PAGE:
03 May How Should the OBL Operation be Characterized?
The United States military sent some of its most highly trained combat experts into Pakistan without asking for Pakistan’s permission. They entered Pakistan’s airspace in military helicopters specifically equipped to defeat the Pakistani air defenses. According to a national security official in the immediate aftermath of the operation they went there for the sole purpose of killing Osama bin Laden, a goal which they quickly accomplished. These facts support characterizing this as a military operation conducted under the laws of armed conflict and not a law enforcement operation. The fact that John Brennan is now describing it as a “capture-or-kill” mission does not change this characterization because the laws of armed conflict treat all missions as “capture-or-kill”, requiring that an enemy offering to surrender may not be killed.
The legal justification for this use of force cannot have been based upon Pakistani consent because it was never sought. It is extremely unlikely that the legal basis for the operation was hoped for Pakistani acquiescence after the fact. The justification that was almost certainly relied upon was Article 51 self-defense as described by Jordan Paust.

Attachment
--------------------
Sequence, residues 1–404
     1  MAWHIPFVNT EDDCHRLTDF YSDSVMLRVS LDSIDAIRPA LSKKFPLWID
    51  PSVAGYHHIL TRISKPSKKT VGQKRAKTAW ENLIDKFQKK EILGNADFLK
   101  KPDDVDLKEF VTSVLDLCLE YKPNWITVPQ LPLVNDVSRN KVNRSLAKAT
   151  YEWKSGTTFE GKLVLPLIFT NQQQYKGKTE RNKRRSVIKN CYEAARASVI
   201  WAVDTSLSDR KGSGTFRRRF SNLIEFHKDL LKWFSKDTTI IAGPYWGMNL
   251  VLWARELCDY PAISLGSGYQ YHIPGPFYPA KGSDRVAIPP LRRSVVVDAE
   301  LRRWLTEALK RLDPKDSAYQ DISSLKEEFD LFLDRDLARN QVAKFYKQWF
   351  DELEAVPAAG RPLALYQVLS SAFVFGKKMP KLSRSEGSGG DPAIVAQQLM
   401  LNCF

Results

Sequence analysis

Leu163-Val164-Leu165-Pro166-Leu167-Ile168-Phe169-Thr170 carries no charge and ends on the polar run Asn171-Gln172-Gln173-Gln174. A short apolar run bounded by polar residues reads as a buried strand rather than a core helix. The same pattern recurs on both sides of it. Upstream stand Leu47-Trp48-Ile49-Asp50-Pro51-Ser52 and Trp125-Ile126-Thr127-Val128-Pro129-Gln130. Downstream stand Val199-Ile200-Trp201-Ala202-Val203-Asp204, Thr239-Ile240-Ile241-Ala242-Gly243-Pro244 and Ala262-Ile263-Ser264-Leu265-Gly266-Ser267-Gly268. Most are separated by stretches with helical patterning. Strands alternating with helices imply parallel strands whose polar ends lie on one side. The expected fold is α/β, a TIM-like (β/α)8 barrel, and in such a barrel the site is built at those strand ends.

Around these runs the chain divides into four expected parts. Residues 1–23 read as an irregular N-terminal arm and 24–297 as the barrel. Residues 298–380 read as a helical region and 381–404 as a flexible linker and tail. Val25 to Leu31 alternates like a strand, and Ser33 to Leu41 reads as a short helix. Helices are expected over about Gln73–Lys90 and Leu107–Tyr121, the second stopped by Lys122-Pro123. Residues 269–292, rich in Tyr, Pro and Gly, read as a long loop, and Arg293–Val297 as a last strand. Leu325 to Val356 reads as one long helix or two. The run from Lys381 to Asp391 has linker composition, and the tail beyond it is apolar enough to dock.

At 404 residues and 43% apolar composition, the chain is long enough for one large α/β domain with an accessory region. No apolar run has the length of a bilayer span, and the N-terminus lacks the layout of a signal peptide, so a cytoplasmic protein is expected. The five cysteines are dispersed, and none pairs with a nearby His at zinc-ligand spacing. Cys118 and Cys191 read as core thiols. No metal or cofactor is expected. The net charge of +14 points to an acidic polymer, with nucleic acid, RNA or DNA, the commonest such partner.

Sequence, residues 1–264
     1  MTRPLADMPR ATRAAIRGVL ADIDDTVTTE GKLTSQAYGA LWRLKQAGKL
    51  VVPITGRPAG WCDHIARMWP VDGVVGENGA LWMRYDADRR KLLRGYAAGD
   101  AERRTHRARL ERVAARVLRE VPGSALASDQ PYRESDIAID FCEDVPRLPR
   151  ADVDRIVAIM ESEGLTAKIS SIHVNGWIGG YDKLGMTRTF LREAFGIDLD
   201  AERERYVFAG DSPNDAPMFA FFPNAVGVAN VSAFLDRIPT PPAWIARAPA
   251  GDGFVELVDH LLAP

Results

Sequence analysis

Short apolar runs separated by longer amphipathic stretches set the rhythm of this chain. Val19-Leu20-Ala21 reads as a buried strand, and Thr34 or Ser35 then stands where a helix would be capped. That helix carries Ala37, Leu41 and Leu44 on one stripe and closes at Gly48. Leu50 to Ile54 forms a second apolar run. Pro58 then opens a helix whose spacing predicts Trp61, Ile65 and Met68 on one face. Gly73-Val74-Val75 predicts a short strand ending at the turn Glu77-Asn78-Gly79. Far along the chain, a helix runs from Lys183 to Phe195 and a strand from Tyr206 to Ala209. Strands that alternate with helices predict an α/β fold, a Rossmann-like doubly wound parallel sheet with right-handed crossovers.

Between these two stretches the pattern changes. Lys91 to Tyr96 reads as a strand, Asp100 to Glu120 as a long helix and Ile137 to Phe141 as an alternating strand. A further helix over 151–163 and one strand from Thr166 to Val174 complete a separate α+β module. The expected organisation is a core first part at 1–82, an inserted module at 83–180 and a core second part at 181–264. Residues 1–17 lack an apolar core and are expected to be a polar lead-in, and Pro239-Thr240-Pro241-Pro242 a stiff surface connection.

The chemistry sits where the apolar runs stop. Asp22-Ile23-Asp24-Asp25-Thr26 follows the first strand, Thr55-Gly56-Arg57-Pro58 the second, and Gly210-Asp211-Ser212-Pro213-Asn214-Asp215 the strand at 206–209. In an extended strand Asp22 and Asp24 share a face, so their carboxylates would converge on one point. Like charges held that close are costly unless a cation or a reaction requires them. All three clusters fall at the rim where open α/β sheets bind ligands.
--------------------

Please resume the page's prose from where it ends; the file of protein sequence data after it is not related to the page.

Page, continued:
This is significant because it represents the use of Article 51 self-defense against non-state actors. While the ICJ’s opinions in the Palestinian Wall case and Congo v. Uganda both called into question whether Article 51 self-defense can support the use of force against non-state actors, the separate opinions of Judges Simma and Kooijmans recognized that in a post-9/11 world containing failed states, state practice strongly supports the view that an expansive reading of Article 51 to include non-state actors is appropriate. Sunday’s operation was another example of state practice undertaken with the belief that the boundaries of the battlefield are not determined by geopolitical lines but rather by the location of participants in an armed conflict, whether the participants are states or non-state actors. This continues to be the standard for determining where the law of armed conflict is properly applied.